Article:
Wednesday, September 1, 2010

Happiness, Hurts

BEST OF 2010

Does happiness hurt? Accords to Hurts not only does happiness hurt… it may not exist. The Hurts debut album is quite dark despite all the dance pop sounds filling the tracks. This is 80s music the way 80s music was meant to sound… dance beats with dark tones. The Cure is one band that comes to mind with this style. But, the band Hurts most resemble would be Depeche Mode. In fact, Hurts is the sound child of Depeche Mode and Kylie Minogue.

This isn’t the type of album I’m supposed to like. At times the music is too dated. Even in trying to resemble the 80s, it still remains a little out of place. And, the vocals can be a little high, operatic even. There are some strange experiments in sound taking place. Actually, this isn’t the album I’m supposed to love. Strings appear from time to time. Other times, the electronic beat is so beautiful I imagine the crowded dance floor. And, those lyrics… over the top and emotional. I’m almost reminded of Savage Garden at times. But, there is more than teen pop here. This is understood pain. Experienced pain.

This is the album for crowded streets. For long lines. For stuffed subway cars. This is the album of larger cities. A way to escape in something real. But, not too real. Although, at times, the songs are extremely sad. The song ‘Stay’ is the most heart wrenching on the album. I tear up most times I listen.

Since I’m comparing the band to everyone under the sun, I have one final band to compare: The Editors. “Evelyn” is a song that reminds me so much of the songs featured on The Editors second album, An End Has a Start. This is the album to travel if you’re a fan of Joy Division, too.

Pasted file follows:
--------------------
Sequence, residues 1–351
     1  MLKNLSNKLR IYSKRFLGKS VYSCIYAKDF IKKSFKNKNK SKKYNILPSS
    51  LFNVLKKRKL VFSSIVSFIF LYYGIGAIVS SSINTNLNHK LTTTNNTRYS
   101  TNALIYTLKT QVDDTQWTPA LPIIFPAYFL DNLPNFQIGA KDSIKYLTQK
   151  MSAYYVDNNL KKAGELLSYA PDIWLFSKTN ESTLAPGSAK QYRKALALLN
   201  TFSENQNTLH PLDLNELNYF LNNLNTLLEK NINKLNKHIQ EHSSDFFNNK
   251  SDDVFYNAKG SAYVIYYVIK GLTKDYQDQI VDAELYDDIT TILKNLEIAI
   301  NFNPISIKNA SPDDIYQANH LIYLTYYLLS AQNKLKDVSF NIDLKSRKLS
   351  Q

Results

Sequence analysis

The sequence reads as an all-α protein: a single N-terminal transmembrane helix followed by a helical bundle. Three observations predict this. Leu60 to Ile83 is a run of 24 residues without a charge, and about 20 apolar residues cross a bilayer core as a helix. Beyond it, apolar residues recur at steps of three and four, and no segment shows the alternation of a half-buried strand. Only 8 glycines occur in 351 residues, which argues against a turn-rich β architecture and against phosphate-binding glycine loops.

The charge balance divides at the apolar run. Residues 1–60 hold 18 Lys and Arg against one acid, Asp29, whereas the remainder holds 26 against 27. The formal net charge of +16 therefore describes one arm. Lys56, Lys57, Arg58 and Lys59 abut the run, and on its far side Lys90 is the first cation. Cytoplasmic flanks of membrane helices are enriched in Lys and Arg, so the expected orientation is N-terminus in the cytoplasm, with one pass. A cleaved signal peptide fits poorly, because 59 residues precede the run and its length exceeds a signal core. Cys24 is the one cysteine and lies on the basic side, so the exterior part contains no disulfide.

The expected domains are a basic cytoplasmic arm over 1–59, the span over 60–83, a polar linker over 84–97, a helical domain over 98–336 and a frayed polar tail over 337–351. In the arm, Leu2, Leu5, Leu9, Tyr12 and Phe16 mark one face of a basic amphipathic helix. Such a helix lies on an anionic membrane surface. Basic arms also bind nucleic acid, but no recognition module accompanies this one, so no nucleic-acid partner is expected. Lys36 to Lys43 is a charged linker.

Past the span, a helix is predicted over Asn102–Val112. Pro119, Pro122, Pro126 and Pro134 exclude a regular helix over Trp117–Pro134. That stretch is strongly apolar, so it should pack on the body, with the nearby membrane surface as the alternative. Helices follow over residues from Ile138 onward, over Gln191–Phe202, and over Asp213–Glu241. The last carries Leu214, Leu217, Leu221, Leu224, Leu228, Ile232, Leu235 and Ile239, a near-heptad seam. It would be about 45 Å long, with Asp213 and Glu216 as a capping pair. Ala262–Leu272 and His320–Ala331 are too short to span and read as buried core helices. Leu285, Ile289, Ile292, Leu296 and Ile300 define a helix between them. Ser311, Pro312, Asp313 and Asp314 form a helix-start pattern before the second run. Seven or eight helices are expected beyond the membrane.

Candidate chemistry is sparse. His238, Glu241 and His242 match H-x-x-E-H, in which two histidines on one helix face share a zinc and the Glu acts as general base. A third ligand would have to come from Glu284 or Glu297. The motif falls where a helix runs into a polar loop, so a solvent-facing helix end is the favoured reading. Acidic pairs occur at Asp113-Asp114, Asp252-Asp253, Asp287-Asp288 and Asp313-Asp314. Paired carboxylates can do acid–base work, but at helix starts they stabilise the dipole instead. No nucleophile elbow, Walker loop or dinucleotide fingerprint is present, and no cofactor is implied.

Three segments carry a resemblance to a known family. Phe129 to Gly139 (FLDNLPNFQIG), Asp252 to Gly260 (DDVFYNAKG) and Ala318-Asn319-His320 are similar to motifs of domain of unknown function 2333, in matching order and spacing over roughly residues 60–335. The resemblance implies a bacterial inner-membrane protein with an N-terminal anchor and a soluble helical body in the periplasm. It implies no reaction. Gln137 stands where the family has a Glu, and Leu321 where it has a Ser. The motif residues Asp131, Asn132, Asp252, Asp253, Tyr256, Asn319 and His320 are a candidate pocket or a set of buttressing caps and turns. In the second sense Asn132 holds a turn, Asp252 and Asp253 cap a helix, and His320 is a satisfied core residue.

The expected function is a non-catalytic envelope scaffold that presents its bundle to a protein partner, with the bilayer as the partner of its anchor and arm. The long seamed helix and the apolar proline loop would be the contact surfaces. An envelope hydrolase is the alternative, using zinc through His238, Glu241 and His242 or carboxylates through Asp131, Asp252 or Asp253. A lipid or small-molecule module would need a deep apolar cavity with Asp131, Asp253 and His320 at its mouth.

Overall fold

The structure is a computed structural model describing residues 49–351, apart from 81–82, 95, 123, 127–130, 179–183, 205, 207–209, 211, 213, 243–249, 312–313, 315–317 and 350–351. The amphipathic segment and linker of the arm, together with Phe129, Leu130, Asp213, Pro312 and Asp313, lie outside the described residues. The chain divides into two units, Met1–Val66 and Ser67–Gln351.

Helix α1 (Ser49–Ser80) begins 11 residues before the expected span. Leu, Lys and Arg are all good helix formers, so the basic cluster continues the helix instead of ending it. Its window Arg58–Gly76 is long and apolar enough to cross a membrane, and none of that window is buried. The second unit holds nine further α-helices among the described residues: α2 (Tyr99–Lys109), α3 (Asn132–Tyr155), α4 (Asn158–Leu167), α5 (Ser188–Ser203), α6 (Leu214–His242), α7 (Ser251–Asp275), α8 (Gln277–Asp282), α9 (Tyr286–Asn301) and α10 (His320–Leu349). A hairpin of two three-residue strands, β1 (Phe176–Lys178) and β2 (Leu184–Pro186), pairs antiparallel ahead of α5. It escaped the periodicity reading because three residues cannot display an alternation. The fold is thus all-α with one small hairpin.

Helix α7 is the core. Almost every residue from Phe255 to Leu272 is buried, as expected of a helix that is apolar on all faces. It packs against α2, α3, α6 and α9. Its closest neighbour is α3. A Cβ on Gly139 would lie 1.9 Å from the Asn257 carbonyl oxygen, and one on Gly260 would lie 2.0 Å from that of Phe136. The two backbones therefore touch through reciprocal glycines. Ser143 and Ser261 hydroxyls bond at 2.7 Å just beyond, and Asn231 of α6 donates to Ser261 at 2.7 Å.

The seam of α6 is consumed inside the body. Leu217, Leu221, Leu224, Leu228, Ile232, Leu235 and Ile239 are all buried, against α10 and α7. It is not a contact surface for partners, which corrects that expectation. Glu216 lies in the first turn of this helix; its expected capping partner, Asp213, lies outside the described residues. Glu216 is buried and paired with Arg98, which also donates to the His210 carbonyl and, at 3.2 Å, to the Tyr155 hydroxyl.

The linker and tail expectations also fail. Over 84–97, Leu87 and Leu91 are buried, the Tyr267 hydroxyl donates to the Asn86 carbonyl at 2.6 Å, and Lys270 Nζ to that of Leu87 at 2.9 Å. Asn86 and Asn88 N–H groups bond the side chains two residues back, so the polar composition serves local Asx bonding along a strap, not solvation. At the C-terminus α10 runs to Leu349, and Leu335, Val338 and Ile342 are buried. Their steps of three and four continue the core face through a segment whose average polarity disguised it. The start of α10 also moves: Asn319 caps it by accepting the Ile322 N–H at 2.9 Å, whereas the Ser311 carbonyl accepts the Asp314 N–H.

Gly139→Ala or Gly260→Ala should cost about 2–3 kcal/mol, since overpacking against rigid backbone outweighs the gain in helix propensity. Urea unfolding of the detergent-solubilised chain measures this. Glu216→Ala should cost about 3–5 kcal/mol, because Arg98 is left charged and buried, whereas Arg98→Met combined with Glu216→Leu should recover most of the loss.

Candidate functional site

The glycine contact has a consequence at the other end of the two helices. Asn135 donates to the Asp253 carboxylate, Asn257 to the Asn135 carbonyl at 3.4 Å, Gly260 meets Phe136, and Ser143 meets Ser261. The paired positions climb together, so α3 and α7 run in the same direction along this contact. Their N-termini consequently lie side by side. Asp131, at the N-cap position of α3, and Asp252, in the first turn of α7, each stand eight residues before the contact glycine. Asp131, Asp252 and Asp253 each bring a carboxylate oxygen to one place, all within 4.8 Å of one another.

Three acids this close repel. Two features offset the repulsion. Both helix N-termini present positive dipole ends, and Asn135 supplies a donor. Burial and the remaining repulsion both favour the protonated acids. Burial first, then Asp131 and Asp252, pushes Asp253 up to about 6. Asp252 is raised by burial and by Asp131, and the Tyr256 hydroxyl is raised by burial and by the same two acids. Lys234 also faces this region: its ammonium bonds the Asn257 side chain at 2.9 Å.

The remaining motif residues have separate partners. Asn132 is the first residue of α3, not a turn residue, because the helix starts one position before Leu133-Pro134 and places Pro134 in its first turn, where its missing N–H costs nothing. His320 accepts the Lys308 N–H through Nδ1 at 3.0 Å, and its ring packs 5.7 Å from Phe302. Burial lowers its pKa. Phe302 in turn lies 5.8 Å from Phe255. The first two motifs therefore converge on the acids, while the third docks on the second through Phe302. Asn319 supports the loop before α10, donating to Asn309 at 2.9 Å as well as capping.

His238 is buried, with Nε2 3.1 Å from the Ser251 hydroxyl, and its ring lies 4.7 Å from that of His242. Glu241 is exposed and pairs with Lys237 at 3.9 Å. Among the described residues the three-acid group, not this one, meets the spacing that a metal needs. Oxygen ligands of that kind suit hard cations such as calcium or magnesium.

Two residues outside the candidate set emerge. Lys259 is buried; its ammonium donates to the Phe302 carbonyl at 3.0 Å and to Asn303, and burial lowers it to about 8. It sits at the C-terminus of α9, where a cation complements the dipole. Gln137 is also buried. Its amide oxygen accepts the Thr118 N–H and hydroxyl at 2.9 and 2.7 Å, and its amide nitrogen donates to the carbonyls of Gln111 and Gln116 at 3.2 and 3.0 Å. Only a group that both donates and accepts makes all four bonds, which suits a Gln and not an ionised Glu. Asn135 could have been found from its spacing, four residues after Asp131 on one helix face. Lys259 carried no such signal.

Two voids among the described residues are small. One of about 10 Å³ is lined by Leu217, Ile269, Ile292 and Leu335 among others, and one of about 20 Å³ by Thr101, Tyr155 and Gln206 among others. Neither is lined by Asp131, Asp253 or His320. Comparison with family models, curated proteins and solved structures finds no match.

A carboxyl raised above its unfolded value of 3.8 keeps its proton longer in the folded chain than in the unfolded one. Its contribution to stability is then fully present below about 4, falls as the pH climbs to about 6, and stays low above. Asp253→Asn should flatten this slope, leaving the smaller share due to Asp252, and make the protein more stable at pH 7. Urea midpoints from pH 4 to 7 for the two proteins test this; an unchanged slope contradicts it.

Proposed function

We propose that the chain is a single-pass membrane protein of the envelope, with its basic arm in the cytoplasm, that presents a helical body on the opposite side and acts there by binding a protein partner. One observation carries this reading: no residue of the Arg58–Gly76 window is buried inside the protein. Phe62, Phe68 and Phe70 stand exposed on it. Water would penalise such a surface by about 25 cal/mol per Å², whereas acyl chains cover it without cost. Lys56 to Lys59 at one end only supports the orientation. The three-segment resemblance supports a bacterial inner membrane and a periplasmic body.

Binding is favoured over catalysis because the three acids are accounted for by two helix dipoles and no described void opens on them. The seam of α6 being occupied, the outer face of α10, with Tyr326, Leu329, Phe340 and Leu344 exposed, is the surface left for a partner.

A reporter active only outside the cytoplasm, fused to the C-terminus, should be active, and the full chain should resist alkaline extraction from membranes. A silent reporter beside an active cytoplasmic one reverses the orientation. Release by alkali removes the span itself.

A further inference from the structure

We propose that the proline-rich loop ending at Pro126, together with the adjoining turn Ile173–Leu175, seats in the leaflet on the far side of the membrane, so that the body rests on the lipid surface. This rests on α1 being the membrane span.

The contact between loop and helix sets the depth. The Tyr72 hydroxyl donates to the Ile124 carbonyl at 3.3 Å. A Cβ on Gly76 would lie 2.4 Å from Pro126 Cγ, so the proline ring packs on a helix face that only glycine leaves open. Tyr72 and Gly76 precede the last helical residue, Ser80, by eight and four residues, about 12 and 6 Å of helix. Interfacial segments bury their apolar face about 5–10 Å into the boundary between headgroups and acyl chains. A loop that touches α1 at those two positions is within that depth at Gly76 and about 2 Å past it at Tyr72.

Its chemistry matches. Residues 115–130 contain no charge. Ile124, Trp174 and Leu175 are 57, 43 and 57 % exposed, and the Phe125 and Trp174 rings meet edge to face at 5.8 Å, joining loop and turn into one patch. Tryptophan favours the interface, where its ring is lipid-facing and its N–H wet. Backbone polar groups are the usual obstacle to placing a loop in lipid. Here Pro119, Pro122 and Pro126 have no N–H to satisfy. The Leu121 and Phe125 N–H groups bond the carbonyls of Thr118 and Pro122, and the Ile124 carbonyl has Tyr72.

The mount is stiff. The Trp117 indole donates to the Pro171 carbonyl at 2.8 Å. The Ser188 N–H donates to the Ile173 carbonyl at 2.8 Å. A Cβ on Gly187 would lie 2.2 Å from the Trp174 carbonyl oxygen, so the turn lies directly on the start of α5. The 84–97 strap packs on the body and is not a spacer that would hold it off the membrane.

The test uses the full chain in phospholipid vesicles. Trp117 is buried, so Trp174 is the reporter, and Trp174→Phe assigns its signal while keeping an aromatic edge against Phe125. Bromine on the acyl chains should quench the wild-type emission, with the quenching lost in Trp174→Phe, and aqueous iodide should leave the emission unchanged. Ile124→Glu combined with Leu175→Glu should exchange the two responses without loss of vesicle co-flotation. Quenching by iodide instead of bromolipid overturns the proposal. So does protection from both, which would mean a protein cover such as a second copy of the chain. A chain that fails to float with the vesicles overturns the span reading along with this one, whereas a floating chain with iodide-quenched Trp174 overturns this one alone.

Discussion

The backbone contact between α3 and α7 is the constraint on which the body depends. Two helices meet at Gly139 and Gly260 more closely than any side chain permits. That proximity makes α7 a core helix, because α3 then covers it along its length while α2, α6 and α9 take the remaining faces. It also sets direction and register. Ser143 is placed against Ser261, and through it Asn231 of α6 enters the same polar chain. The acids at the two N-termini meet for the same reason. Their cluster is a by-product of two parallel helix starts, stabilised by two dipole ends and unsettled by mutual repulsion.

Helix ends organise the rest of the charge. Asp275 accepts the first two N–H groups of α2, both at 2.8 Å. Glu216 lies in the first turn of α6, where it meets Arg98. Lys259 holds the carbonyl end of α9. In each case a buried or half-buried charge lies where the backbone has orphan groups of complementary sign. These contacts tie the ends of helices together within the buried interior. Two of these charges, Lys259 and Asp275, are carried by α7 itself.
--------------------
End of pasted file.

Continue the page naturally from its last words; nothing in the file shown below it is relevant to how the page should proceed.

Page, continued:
I am not placing Hurts up as high as I place Depeche Mode, The Cure, or Joy Division. But, even falling into comparison with these bands is a great feat. And, I’m not promising this album won’t make you ask ‘why do I enjoy this?’ There is just something so good about how borderline bad the album may potentially be. But, it’s catchy. It’s brooding pop. It’s danceable. It’s new-ish.

You’ll hate yourself for loving it. But, love yourself for having it.


1 comment:

  1. Totally didn't even think of The Editors but yeah, I totally see it. I think what makes this work is that it feels really familiar but is still unique in what it does, says and makes you feel.

    And yes, this is a perfect album for wandering around the big city at night or being slumped in the back of a train on your way home at 2 a.m.

    I keep playing it over and over and over. Love 'Stay' and 'Devotion' but I also find myself returning to 'Unspoken.'